The feds are on the wrong train to better schools. California needs to get off

President Barack Obama smiles after signing the Every Student Succeeds Act, a major education law setting U.S. public schools on a new course of accountability, on Dec. 10, 2015.
President Barack Obama smiles after signing the Every Student Succeeds Act, a major education law setting U.S. public schools on a new course of accountability, on Dec. 10, 2015. AP

Congress reauthorized the Elementary and Secondary Education Act at the end of 2015, to almost universal surprise and relief. The law abandoned some of the worst ideas of No Child Left Behind, freeing California and other states to design more flexible policies on school accountability.

Sadly, Congress held on to one really bad idea. ESSA requires each state to identify the bottom 5 percent of schools for interventions to improve student performance and close achievement gaps. This rule threatens to undermine the work that California has done to build a new and better accountability system.

The state Board of Education, which will discuss the issue at its meeting Thursday, should seek a waiver from the U.S. Department of Education.

David Plank (2).JPG
David Plank

California should reject the bottom 5 percent rule for three main reasons.

First, the state’s new accountability framework gives school districts the primary responsibility for improving local schools. Under the Local Control Funding Formula, local school boards and administrators decide how to spend money and to adopt policies suited to the needs and expectations of their students and communities. Requiring the state to turn around 500 low-performing schools, as the 5 percent rule does, short circuits this system. It takes those with local knowledge and expertise out of the loop. This is not a recipe for success, as a long history of failed state interventions will attest.


Second, California has introduced a multi-measure dashboard to evaluate the performance of schools. The dashboard provides information on ten different indicators, including test scores, graduation rates and parental involvement. It lets parents and district officials judge the specific strengths and weaknesses of each school, and to decide what kinds of help they need. As our own research has shown, school rankings impose arbitrary judgments on schools, disguised behind a veil of fake precision. They offer no useful guidance about what schools should do to get better, or what others can do to help them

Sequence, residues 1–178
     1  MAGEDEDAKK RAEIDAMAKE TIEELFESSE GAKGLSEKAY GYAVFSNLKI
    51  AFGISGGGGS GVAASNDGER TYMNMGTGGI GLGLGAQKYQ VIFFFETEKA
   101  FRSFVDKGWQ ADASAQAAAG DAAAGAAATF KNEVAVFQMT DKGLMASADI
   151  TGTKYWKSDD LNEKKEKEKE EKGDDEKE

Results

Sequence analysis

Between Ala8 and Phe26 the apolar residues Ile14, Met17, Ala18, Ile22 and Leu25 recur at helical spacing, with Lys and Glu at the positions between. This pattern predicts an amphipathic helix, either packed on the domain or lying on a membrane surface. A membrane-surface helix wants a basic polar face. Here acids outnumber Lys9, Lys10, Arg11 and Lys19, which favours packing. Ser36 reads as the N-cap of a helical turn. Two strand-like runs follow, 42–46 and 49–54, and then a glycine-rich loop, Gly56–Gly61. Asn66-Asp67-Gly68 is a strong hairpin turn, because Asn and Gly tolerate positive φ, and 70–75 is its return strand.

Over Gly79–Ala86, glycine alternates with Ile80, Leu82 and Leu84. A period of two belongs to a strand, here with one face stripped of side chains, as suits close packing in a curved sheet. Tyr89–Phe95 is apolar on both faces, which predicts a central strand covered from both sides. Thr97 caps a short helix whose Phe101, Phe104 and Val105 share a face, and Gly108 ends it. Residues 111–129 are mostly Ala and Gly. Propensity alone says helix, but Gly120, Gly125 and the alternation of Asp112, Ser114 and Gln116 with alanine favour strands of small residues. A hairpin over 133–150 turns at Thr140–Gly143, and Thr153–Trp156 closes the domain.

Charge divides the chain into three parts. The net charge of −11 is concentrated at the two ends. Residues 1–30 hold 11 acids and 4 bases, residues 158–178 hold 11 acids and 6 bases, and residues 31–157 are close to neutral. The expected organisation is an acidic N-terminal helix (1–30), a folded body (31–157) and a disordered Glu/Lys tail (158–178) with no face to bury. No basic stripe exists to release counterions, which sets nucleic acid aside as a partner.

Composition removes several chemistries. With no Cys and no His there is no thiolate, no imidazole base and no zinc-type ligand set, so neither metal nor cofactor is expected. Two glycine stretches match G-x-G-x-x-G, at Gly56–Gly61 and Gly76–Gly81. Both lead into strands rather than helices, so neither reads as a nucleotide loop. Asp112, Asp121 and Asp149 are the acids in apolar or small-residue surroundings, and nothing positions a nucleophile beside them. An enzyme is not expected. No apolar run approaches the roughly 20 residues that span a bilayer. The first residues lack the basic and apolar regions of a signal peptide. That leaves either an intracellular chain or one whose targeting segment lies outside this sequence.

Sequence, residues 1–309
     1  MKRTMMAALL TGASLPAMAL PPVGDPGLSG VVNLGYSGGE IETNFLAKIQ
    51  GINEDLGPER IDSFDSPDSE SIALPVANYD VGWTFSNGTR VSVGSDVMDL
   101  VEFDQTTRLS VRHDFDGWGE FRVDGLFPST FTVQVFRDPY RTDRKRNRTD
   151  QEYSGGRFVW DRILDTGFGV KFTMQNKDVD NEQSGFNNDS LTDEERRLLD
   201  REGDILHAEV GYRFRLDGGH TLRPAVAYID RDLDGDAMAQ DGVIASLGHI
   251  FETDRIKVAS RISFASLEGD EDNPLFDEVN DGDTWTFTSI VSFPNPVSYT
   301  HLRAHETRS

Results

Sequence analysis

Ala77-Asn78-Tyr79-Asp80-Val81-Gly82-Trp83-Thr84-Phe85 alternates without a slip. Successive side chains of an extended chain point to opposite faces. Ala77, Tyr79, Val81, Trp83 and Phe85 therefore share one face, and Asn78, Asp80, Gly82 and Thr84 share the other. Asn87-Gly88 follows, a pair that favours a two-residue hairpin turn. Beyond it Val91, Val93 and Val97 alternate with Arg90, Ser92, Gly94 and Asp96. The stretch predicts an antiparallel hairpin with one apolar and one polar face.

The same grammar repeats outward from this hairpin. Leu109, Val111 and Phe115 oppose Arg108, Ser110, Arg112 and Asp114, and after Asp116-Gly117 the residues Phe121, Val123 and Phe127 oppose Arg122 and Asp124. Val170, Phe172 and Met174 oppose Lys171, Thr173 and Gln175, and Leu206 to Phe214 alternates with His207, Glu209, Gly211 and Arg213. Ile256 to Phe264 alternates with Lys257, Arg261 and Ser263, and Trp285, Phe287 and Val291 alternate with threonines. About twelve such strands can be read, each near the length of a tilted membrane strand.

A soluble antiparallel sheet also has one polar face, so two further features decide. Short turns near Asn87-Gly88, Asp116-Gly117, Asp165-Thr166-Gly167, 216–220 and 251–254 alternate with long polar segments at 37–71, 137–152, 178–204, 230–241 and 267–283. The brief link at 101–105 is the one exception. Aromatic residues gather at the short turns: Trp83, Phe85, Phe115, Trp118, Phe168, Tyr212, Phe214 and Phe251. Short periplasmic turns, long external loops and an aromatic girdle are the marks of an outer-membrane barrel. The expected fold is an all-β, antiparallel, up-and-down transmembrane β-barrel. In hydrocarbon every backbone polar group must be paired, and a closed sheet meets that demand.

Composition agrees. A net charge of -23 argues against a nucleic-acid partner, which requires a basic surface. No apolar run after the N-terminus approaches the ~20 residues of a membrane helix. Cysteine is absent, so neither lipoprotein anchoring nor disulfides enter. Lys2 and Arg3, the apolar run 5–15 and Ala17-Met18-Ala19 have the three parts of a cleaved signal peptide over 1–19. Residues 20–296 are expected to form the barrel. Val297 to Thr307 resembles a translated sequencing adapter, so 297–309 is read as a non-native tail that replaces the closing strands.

In stark contrast, the ESSA rule requires California to rank the state’s 10,000 schools on a uniform scale from best to worst. This is a fool’s errand. Approximately one percent of California schools perform badly on every measure on the dashboard. They are clearly the worst schools, and ought to be taken over or closed.

But the remaining 99 percent of schools are good at some things and bad at others. Judgments about which schools should be ranked higher than others are based on the values of those who set the scale, not on meaningful differences in school quality.

The third reason to resist is that there is nothing magical about 5 percent. We know that one percent of California’s schools are in serious trouble, but the number of schools that are struggling might be three percent or 10 percent or more. ESSA’s requirement may easily result in a misallocation of scarce resources, targeting schools that are improving on their own while depriving schools that need support.

Without a waiver from the 5 percent requirement, ESSA will undermine the coherent and effective school accountability system that California is trying to build.

David N. Plank is executive director of Policy Analysis for California Education, a nonpartisan research center based at Stanford University, the University of Southern California and the University of California, Davis. He can be contacted at